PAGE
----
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House GOP brinkmanship puts economy in jeopardy

House GOP brinkmanship puts economy in jeopardy
US House Speaker Republican John Boehner attends a news conference following a meeting of House Republicans on Capitol Hill in Washington DC, USA on Oct. 15 2013.
US House Speaker Republican John Boehner attends a news conference following a meeting of House Republicans on Capitol Hill in Washington DC, USA on Oct. 15 2013.

A bipartisan Senate package isslowly coming together that would reopen the government, avert a debt-ceiling catastrophe, reassure global markets, and return the federal government to some semblance of normalcy. All the House would have to do is approve the Senate bill on the last possible day to end this ongoing nightmare, at least for several months.

That may not happen. When the fate of the nation is on the line, and the plan calls the Republican-led House of Representatives to be responsible, a sense of dread is understandable.

Even a deal cut by Senate Republican leader Mitch McConnell is no fait accompli in the House.Many House Republicans are dismissing the terms of the deal McConnell is reportedly close to striking with Reid, and senior lawmakers are keeping their options open for amending the Senate deal or sending over their own bill.

House Speaker John Boehner (R-Ohio), who spoke at some length with Senate Minority Leader Mitch McConnell (R-Ky.) yesterday, will meet with his members this morning and brief them on the emerging bipartisan Senate compromise. In theory, the Speaker could tell his conference, "None of us love this, but we don't want to be on the hook for a sovereign debt crisis, so let's hold our noses, get this over with, and live to see another day."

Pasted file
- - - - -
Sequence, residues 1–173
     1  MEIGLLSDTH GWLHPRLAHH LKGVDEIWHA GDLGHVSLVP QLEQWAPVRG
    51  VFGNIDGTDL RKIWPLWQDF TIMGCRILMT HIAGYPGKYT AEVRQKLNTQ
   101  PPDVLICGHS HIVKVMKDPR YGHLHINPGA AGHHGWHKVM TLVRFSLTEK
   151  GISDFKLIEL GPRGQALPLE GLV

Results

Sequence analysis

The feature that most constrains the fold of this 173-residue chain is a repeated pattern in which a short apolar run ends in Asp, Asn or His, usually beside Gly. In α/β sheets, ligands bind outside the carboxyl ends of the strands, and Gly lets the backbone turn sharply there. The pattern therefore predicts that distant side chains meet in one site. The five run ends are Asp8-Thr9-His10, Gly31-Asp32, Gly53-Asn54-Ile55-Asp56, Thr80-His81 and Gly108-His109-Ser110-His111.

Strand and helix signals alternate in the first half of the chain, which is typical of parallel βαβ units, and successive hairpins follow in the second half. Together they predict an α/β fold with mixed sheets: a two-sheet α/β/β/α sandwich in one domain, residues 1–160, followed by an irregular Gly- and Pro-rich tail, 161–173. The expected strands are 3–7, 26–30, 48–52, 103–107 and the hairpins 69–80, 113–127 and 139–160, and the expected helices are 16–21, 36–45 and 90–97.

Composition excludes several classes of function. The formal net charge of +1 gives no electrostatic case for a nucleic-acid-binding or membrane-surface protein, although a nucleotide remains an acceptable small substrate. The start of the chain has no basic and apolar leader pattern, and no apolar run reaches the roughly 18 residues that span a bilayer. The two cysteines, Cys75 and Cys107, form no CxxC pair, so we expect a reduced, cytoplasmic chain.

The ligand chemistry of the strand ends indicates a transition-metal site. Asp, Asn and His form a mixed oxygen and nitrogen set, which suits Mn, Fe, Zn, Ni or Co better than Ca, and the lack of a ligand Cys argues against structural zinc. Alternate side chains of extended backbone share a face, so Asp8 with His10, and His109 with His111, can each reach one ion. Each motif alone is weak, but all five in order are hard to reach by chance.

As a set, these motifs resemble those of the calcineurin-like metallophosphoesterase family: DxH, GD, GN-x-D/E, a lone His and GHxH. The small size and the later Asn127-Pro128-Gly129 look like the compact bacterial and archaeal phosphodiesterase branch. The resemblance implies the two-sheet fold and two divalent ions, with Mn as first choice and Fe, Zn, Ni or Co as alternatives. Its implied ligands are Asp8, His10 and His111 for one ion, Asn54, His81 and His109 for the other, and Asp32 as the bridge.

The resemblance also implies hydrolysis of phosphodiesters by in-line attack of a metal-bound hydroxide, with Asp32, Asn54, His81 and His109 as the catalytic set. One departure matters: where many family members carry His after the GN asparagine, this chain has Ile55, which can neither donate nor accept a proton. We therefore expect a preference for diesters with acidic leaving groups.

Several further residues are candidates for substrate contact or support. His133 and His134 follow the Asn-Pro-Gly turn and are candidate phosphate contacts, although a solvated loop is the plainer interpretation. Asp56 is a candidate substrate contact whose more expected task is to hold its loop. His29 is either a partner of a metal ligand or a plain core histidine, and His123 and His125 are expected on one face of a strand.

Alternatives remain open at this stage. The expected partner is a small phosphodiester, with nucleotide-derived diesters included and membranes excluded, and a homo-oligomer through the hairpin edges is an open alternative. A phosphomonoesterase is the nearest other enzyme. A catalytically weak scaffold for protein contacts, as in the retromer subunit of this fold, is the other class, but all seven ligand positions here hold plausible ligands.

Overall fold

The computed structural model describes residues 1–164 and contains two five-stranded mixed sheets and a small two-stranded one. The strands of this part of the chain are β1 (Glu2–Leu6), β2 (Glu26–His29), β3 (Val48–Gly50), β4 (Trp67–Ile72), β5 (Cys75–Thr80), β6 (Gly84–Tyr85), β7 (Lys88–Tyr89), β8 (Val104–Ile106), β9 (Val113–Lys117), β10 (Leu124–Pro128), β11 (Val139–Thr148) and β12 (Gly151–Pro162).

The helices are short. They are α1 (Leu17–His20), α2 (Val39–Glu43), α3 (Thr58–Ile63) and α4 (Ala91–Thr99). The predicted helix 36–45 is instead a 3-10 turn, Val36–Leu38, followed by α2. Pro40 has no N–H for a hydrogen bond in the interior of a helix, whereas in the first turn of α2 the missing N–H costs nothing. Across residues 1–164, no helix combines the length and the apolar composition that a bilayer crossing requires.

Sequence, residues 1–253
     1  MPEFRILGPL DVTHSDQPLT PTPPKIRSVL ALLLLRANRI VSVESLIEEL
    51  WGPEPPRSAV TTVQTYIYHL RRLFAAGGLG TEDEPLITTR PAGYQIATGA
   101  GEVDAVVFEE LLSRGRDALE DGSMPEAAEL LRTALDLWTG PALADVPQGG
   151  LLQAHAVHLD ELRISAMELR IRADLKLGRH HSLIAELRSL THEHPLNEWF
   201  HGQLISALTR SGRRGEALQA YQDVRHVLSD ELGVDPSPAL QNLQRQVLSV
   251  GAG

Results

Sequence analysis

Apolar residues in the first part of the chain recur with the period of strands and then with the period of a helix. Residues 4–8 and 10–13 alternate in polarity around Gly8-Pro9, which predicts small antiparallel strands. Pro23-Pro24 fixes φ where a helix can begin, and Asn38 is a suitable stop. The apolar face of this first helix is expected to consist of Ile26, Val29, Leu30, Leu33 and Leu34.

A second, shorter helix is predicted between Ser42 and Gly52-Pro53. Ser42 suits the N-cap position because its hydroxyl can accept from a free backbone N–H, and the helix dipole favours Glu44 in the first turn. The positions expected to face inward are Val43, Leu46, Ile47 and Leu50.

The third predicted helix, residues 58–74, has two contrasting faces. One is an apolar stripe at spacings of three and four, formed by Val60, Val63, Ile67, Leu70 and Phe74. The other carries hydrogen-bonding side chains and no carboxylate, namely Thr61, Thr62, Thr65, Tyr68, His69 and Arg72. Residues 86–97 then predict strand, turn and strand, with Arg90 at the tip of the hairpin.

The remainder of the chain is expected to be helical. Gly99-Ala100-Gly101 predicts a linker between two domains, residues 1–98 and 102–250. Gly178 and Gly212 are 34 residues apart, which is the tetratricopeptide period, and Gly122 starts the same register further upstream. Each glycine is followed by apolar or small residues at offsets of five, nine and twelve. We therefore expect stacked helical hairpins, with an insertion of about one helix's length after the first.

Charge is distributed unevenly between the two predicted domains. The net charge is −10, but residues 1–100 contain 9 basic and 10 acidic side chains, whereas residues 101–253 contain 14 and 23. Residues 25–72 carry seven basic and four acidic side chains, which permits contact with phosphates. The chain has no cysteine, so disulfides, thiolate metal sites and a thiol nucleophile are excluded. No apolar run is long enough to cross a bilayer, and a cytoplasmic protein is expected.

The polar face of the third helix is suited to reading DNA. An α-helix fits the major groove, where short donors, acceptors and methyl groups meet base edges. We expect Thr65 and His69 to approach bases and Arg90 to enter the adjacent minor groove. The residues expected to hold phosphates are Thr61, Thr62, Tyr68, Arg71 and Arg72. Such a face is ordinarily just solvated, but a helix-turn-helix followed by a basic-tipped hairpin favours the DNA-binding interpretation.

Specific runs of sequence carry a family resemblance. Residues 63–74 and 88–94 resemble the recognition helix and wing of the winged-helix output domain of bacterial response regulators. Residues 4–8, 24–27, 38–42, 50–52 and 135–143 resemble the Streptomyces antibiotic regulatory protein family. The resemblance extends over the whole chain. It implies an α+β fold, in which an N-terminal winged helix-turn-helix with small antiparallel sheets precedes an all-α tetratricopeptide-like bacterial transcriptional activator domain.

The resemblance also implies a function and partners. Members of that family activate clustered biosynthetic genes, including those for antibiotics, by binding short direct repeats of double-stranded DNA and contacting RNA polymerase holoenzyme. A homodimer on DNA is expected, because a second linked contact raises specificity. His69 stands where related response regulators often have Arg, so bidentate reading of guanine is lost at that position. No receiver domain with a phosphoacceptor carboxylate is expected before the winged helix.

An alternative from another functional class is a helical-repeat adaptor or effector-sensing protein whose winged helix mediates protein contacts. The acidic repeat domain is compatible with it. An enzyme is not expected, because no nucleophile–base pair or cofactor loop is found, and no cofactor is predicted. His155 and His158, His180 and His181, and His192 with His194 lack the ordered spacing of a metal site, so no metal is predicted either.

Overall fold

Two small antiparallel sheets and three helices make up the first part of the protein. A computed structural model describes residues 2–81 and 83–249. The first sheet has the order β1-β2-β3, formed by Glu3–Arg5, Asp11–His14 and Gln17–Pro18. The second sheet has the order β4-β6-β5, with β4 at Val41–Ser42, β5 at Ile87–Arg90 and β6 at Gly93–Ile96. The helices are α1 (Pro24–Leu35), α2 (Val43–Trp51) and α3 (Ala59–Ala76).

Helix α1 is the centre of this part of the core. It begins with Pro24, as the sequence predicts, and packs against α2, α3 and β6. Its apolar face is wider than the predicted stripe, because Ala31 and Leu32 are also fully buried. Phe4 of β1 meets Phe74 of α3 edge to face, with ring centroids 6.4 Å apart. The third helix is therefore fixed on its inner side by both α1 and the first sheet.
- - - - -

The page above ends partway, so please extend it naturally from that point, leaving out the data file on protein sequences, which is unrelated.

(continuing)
But Boehner may not have the strength or the courage to pull this off. It seems just as likely that he'll ask House Republicans what they want to do; unhinged members will refuse to consider the bipartisan Senate bill; and the House GOP will decide the compromise needs a little right-wing touch-up.

In other words, with the economy, America's reputation, and constitutional obligations on the line, the majority party of the House may decide to play a little game.

Of course, Boehner also has the option of just bringing the Senate bill -- assuming it passes the upper chamber -- to the House floor and letting members vote however they want to vote. With strong Democratic support, it would almost certainly get the necessary votes to become law.

But for the inept and politically impotent Speaker, this may not be an option. If his members want to crash the economy and start hurting Americans on purpose, Boehner may decide to let them -- it comes down to whether he's more concerned with his job than yours.

Brian Beutler, who's argued for months that the debt ceiling would work out fine and that folks like me were needlessly afraid of catastrophe, sounded a circumspect note.

That would be a truly ignominious act. The operating assumption at the White House -- and I think basically everywhere -- is that Boehner's self-dealing enough to shut down the government for personal reasons, but not to blow past the debt limit. He might futz around ahead of the deadline, try to send the bill back to the Senate with riders that the Senate will strip and go a few rounds of ping-pong like he did on September 30.But when time's up, he'll put the Senate plan on the floor and get out of the way. It looks like that assumption is about to be tested.

For quite a while, the argument adopted by the Beltway establishment has been that House Republicans are crazy, but they're not that crazy. They'll threaten Americans' wellbeing, shut down the government, and reject even routine governing, but there are some lines even the House GOP won't cross. The debt ceiling, we've been told, is one of them.

If those assumptions were overly optimistic, we're all poised to pay a severe price.